Growth in India's dominant services industry came close to stalling in April as new orders slowed to a trickle, forcing companies to spend more on aggressive advertising campaigns as they fought for business, a private survey showed on Thursday.
The Nikkei/IHS Markit Services Purchasing Managers' Index slumped to a three-month low of 50.2 in April from March's 51.5, only slightly above the 50-mark that separates growth from contraction.
The new business sub-index, an indicator of both domestic and foreign demand, sank to 50.4 in April from March's 52.2, possibly also because companies raised prices at a faster pace.
A sister survey on Tuesday showed that although factory growth expanded in April at a steady pace, rises in output and employment slowed, suggesting the economy has not yet fully recovered from Prime Minister Narendra Modi's ban on high-value bank notes late last year.
Modi's decision sucked 86 percent of cash out of circulation, causing huge disruptions to daily life and business activity.
Pollyanna De Lima, an economist at survey compiler IHS Markit, said the services data highlighted how nervous some businesses remain about the economic climate after the cash crunch.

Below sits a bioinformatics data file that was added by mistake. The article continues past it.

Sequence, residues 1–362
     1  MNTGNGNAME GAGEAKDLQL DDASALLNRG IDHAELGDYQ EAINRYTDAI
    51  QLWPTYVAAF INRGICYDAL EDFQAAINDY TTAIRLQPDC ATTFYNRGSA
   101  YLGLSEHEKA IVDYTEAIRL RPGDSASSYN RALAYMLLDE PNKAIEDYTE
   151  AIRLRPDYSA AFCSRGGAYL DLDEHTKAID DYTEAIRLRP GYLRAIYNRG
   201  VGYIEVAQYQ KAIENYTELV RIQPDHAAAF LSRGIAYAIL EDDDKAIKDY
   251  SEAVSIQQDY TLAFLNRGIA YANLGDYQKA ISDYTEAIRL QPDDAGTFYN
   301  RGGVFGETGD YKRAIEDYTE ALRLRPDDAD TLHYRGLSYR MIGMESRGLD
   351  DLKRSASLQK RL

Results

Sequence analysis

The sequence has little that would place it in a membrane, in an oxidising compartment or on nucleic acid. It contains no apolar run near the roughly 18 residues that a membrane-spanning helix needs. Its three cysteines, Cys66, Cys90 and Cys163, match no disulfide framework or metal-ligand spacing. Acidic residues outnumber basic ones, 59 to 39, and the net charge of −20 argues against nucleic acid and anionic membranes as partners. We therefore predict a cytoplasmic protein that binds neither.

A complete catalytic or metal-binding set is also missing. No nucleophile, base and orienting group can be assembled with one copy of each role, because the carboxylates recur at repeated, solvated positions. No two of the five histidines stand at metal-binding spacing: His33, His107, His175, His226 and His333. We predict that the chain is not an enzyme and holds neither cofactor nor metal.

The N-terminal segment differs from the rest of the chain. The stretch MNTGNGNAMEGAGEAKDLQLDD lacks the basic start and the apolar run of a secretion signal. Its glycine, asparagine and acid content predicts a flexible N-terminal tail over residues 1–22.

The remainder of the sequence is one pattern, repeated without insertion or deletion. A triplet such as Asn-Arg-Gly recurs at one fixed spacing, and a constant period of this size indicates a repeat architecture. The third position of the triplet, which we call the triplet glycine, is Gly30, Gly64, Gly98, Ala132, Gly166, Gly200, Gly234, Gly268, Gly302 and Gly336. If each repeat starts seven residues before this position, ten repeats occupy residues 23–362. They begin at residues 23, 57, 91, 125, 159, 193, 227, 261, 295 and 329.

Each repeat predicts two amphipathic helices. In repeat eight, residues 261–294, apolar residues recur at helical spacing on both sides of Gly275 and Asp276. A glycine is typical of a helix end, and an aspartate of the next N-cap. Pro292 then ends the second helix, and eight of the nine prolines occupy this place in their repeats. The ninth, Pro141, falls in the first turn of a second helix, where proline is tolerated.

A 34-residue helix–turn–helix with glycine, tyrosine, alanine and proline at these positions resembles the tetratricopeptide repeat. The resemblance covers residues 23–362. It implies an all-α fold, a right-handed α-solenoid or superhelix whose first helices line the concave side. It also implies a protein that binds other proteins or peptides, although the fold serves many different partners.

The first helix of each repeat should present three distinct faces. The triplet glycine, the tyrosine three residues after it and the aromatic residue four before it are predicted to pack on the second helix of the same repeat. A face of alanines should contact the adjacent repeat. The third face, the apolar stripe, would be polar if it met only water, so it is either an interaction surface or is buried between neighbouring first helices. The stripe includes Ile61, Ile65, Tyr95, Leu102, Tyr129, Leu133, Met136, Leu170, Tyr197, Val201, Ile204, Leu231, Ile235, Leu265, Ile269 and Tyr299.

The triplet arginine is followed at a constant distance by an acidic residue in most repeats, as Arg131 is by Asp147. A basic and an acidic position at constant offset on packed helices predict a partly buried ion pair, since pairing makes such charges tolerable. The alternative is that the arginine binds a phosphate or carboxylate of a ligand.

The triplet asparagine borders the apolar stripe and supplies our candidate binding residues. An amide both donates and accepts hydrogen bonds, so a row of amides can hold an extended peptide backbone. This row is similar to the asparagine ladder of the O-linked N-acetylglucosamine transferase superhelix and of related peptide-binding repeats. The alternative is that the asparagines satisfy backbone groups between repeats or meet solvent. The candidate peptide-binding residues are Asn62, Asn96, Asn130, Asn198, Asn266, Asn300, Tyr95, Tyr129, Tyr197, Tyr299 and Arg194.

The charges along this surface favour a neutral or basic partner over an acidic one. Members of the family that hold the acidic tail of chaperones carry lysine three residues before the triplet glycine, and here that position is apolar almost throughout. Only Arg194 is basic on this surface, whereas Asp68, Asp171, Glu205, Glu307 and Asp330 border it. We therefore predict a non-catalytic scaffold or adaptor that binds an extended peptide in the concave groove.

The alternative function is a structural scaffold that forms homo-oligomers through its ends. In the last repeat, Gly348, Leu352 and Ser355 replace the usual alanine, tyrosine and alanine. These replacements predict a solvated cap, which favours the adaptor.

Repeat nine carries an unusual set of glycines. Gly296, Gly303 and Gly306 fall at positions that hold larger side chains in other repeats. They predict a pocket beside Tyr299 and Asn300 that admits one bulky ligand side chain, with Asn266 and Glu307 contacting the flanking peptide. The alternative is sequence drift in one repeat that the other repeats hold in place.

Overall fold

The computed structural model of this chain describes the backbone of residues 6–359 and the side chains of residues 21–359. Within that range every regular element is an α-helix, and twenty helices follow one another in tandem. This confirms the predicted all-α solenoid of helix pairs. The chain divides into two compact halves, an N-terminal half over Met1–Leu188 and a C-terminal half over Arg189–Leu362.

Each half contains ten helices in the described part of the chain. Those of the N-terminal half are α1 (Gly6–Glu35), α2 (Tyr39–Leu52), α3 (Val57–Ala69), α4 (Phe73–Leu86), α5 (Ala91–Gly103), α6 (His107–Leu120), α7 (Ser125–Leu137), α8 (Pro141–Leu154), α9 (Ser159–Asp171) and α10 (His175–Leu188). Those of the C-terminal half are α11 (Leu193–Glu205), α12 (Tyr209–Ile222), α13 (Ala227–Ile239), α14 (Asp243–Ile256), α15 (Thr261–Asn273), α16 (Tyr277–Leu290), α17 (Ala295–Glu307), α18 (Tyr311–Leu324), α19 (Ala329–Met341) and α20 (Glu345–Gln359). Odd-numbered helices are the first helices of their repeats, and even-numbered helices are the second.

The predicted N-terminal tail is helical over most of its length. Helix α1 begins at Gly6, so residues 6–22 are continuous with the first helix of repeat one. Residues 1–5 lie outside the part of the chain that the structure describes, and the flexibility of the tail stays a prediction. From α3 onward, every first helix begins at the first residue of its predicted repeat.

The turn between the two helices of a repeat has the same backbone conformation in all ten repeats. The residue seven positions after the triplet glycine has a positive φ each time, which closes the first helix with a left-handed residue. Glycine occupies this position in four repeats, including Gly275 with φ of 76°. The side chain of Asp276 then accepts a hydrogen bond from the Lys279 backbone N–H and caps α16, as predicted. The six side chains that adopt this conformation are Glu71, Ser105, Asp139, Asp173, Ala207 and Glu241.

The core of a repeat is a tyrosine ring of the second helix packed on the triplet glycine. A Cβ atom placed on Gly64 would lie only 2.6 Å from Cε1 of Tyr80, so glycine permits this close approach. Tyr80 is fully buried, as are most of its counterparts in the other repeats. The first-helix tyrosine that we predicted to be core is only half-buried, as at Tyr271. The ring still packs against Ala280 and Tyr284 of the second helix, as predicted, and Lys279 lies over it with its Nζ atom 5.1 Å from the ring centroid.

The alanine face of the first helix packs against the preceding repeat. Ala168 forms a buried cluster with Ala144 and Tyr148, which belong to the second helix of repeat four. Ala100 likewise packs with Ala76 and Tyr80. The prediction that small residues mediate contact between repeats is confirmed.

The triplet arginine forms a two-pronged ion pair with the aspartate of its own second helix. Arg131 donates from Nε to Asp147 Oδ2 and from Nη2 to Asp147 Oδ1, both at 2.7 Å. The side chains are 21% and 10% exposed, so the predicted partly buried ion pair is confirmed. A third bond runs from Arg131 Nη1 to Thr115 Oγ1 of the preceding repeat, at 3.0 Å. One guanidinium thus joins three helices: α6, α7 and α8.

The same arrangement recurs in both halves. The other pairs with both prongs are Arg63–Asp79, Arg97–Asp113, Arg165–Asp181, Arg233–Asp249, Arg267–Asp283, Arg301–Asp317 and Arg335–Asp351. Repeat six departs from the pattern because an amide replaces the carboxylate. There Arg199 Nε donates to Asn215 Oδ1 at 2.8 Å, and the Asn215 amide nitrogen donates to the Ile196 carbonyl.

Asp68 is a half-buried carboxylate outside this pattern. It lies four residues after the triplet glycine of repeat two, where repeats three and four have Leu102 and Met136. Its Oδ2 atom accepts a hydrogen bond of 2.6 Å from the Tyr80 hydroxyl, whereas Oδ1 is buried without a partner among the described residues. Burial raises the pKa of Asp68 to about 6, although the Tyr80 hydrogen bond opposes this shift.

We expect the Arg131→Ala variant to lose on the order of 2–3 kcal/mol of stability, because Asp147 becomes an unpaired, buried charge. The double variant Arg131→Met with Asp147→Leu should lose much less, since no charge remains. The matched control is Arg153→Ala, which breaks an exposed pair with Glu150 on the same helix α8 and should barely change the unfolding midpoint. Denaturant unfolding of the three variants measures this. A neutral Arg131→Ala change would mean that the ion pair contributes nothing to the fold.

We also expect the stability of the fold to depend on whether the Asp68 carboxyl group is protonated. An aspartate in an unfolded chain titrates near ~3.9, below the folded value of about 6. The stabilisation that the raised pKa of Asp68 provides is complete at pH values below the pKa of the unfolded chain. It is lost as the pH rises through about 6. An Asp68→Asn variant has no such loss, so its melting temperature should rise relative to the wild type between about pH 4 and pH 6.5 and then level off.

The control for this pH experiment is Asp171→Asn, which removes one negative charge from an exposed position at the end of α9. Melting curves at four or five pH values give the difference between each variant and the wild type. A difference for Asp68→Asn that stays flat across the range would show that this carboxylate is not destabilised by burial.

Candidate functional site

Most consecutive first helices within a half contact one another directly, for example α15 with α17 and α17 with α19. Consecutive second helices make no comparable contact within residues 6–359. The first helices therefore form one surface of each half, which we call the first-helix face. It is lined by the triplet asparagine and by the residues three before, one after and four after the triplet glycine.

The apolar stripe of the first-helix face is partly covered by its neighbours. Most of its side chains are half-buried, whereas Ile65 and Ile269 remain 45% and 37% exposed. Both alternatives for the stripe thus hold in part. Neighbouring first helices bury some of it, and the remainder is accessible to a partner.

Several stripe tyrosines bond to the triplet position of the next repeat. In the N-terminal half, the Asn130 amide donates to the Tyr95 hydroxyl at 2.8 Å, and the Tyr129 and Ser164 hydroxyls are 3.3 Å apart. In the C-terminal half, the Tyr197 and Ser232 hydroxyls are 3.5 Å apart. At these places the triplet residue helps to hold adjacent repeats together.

"The latest results indicate that the road to recovery from the (currency) note ban is still bumpy and is a reminder that the sector is not out of the woods yet," she said.
The services survey also pointed to growing inflationary pressures, with input costs rising for the eighth-straight month and companies passing on some of those costs to clients by raising their selling prices for the third month in a row.
Citing concerns about inflation, the central bank changed its monetary policy stance to "neutral" from "accommodative" in February and raised a secondary rate last month to absorb excess liquidity in the system.
However, with inflation still below the RBI's 4 percent medium-term target, the central bank is expected to keep rates on hold until at least the fourth quarter of 2018.
A composite PMI, which includes both manufacturing and services, fell to 51.3 last month from 52.3 in March.
(Reporting by Anu Bararia; Editing by Kim Coghill)